Jeremy Ben-Ami, the president and founder of J Street, has an op-ed in Politico today calling upon AIPAC to “get with the peace program.” It’s not clear exactly what he wants AIPAC to do, though. AIPAC has supported the peace process and the two-state solution, as Ben-Ami himself acknowledges. So what point is he making?
J Street styles itself as the Obama administration’s “blocking back” on Capitol Hill. To that end, it has pursued some legitimate goals–such as support for the peace process–and some illegitimate ones: opposing sanctions on Iran, promoting Richard Goldstone, and even asking the Treasury to investigate Jewish charities in Israel.
So perhaps J Street is trying to do its part for Secretary of State John Kerry, who is expected to describe the Obama administration’s proposed “framework” for Israeli-Palestinian peace when he addresses AIPAC’s Policy Conference this afternoon. Yet it is not clear what, exactly, Ben-Ami and J Street are urging AIPAC to do.
Consider the following critical paragraph from Ben-Ami’s article:
AIPAC officially supports a two-state solution. So why not take this week’s conference as an opportunity to support the difficult compromises a two-state solution will actually require and to endorse the secretary’s efforts to advance a conflict-ending deal?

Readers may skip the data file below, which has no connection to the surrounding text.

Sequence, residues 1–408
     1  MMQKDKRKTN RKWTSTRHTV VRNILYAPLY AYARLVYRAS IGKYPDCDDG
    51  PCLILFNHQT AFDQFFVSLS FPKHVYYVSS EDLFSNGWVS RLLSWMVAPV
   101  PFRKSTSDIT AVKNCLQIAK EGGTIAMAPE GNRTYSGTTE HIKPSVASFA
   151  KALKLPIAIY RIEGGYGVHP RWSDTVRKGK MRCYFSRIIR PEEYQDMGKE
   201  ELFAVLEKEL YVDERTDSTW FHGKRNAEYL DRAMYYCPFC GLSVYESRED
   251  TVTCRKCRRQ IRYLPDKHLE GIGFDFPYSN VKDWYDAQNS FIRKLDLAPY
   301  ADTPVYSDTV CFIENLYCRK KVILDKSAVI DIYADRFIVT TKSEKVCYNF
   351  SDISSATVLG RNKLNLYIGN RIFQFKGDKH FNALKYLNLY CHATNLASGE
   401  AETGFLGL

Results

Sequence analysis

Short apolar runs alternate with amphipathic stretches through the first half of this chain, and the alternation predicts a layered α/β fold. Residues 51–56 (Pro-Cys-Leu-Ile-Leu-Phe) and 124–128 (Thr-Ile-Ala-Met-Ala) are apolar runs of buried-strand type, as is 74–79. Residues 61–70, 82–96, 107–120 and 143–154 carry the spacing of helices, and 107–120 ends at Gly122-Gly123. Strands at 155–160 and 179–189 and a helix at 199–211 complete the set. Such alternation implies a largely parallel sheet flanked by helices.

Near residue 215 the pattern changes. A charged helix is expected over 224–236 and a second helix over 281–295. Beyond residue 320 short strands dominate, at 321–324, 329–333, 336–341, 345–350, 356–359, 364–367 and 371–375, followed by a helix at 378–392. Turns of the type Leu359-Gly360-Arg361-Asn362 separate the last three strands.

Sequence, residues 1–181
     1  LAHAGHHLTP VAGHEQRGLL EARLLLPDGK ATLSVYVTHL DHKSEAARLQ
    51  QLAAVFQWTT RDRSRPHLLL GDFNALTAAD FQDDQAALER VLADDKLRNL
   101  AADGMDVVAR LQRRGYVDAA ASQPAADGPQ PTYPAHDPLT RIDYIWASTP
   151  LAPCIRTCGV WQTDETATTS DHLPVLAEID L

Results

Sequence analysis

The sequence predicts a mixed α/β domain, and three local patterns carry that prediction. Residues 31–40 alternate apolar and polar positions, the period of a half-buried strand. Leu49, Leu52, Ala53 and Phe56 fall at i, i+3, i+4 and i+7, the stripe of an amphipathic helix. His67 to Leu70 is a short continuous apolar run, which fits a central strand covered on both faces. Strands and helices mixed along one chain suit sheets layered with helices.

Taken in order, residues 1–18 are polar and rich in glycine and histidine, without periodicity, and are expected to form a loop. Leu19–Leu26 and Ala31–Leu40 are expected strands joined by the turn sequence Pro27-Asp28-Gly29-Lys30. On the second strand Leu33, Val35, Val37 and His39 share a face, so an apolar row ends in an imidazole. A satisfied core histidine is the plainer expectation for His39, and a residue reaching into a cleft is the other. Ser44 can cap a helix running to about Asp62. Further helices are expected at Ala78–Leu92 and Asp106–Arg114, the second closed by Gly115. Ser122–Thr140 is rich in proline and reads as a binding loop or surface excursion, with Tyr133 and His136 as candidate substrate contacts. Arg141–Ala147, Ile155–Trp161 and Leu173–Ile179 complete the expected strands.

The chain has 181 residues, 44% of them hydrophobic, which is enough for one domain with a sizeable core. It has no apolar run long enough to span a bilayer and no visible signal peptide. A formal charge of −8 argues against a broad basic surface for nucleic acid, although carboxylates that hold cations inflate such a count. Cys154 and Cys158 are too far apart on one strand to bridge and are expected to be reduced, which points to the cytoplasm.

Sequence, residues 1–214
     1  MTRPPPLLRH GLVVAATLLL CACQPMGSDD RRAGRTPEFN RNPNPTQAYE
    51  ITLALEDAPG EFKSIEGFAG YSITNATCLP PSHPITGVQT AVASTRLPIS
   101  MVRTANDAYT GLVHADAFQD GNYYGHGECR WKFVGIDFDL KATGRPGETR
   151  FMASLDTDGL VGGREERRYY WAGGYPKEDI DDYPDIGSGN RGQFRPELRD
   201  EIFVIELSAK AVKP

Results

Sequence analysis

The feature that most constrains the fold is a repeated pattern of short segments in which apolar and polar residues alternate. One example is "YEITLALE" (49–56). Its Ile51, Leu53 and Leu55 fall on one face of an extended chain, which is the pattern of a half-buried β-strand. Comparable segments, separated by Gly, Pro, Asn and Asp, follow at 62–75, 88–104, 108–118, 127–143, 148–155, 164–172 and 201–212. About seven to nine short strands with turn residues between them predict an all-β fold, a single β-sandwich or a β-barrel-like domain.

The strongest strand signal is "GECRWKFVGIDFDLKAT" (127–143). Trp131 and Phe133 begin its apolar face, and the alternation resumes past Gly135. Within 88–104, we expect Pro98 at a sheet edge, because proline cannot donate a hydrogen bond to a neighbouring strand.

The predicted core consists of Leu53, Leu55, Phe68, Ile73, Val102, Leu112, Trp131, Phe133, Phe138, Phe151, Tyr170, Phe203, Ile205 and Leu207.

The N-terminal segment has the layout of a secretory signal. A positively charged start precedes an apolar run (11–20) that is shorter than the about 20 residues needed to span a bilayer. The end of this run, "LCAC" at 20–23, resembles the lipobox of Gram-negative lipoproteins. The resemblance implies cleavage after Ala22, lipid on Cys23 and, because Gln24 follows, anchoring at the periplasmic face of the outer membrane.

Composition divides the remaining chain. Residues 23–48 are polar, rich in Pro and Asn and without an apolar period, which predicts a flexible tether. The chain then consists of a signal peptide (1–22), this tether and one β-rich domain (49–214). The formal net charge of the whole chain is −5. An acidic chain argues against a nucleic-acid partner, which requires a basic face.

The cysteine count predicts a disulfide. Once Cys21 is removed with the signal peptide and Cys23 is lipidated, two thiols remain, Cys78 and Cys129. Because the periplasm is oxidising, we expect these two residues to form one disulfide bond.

Ben-Ami does not stipulate what those “difficult compromises” will be. One of the most important sticking points between the Israeli government and the Obama administration is the future of security in the Jordan Valley. But while important, that is a rather technical issue, not the sort of stuff that excites activists.
In any case, AIPAC has already expressed its support for Kerry’s diplomacy. New AIPAC president Bob Cohen went out of his way to thank Kerry for his efforts for peace, even though many of AIPAC’s members probably disagree both with the substance of Kerry’s proposals and the manner in which he has pursued them.
— Melanie Fineman (@mnfineman) March 2, 2014
What Ben-Ami seems to be doing, then, is creating deliberate ambiguity, onto which J Street supporters can project their paranoid fantasies about AIPAC’s real intentions. Rather than admit AIPAC has always favored peace, or that it has bent over backwards for Obama, he wants to preserve AIPAC as the left’s bogeyman.
Politically, J Street is Obama’s “community organizing” arm within the Jewish community. Substantively, it is empty. Its members are a hodgepodge of anti-Israel activists, pacifists, and alienated Jews. They are committed to criticism of Israel as an end in itself. Otherwise, they are rebels without a cause–and, often, without a clue.